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One of the reasons Esperanto has remained such a recognizable language over the years might have something to do with its branding. Three vibrant, eye-catching symbols mark both the language and the movement associated with it: the verda stelo [green star], the jubilea simbolo [jubilee symbol], and the flago de Esperanto [Esperanto flag]. If you’ve ever picked up an Esperanto book, or browsed an Esperanto interest site on the Internet, or attended an Esperanto event of any kind, chances are you’ve glimpsed one – or all! – of these symbols. Today I wanted to talk about the first of these three, and address a myth associated with it.
Some Esperantists like to think that the green star symbolizes the planet earth. In this system, the green color indicates the land we inhabit – much like what you might see on a simplified image of the globe, where land masses are shown green, and oceans in blue. The five arms of the green star supposedly signify the five continents.
This part requires a little creativity, since almost any schoolchild you ask would tell you – rightly – that our planet has seven continents. I suppose you could say the five continents are North America, South America, Africa, Eurasia, and Australia/Oceania (ignoring the giant mass of ice at the planet’s southern pole). Otherwise, you could lump the Americas together as one continent, and continue ignoring Antarctica, to say there are five continents.
The mental gymnastics necessary to support this reading of the green star should be one indication that it’s a myth. Also, I can’t imagine Zamenhof wanting to ignore Antarctica. Sure, nobody lives there besides scientists conducting research. But Antarctica is one of the few places on earth where you can see earnest attempts at international cooperation and coexistence – take a look at the Antarctic Treaty System. Since Antarctica is a real-world example of the kind of international cooperation Zamenhof dreamed of, I don’t think it makes much sense for one of Esperanto’s main symbol to ignore it.
Luckily for us, Zamenhof himself addressed the emergence of the green star in a 1911 letter to the Esperanto interest magazine, The British Esperantist. He describes the star’s origin as follows: “It seems to me, that my attention was drawn to the color green by Mr. Geoghegan and from that time I began to publish all of my works with green covers . . . Looking at one of my pamphlets that I had entirely by chance printed with a green cover, he pointed out that this was the color of his homeland, Ireland; at that time it came to me, that we could certainly look at that color as a symbol of HOPE. About the five-pointed star, it seems to me, that at first Mr. de Beaufront had it imprinted on his grammar. I liked that and I adopted it as a symbol. Afterward by association of ideas, the star appeared with a green color.”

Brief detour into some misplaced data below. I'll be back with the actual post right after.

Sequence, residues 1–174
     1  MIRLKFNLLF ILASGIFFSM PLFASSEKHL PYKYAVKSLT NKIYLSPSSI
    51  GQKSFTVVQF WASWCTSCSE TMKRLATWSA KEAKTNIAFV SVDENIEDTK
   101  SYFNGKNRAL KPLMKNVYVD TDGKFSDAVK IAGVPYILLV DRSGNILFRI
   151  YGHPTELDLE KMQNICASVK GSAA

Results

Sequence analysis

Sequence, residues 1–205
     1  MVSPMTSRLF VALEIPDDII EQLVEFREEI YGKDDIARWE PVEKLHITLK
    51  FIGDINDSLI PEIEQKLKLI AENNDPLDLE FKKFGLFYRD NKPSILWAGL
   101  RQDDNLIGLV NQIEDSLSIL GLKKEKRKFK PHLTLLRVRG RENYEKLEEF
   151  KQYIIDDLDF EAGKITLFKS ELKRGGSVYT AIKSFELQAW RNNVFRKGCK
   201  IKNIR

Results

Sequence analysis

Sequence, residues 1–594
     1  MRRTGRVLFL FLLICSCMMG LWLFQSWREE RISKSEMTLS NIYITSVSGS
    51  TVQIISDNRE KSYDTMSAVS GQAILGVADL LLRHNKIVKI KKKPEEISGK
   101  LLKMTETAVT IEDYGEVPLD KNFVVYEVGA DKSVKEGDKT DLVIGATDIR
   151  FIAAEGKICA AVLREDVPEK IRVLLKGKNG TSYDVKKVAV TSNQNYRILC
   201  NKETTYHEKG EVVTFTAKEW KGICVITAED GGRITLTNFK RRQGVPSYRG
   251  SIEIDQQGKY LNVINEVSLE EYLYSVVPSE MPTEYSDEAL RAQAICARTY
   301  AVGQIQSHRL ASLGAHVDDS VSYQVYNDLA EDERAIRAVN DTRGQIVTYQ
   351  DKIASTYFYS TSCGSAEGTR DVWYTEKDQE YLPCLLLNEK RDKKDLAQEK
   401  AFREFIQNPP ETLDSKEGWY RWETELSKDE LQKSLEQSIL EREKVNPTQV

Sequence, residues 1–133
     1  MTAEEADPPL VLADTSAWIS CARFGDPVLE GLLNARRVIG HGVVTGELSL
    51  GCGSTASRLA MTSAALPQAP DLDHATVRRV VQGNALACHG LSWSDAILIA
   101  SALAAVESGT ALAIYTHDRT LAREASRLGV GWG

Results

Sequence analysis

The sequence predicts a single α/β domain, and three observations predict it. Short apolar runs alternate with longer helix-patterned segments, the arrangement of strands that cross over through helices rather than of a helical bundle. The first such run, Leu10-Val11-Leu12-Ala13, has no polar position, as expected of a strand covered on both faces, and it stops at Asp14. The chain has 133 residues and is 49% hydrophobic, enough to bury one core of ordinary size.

It’s a bit less exciting than the globally-minded reading of the green star, but at least it’s a plausible origin story. So Zamenhof liked the color green to begin with, and found it stood for promise (given Ireland’s burgeoning independence movement at the time), so he adopted it as a color of hope. As for the star, that seems to be a mere coincidence. Somebody used it on the cover of an Esperanto grammar book, and Zamenhof found it an appealing symbol. It became a green star through the fusion of these two encounters.
Then again, maybe the myth of the green star is the “true” reading. A symbol derives its meaning from what people take it to mean. If Esperantists want to think of it as the world in miniature, maybe that’s the interpretation to which we should defer!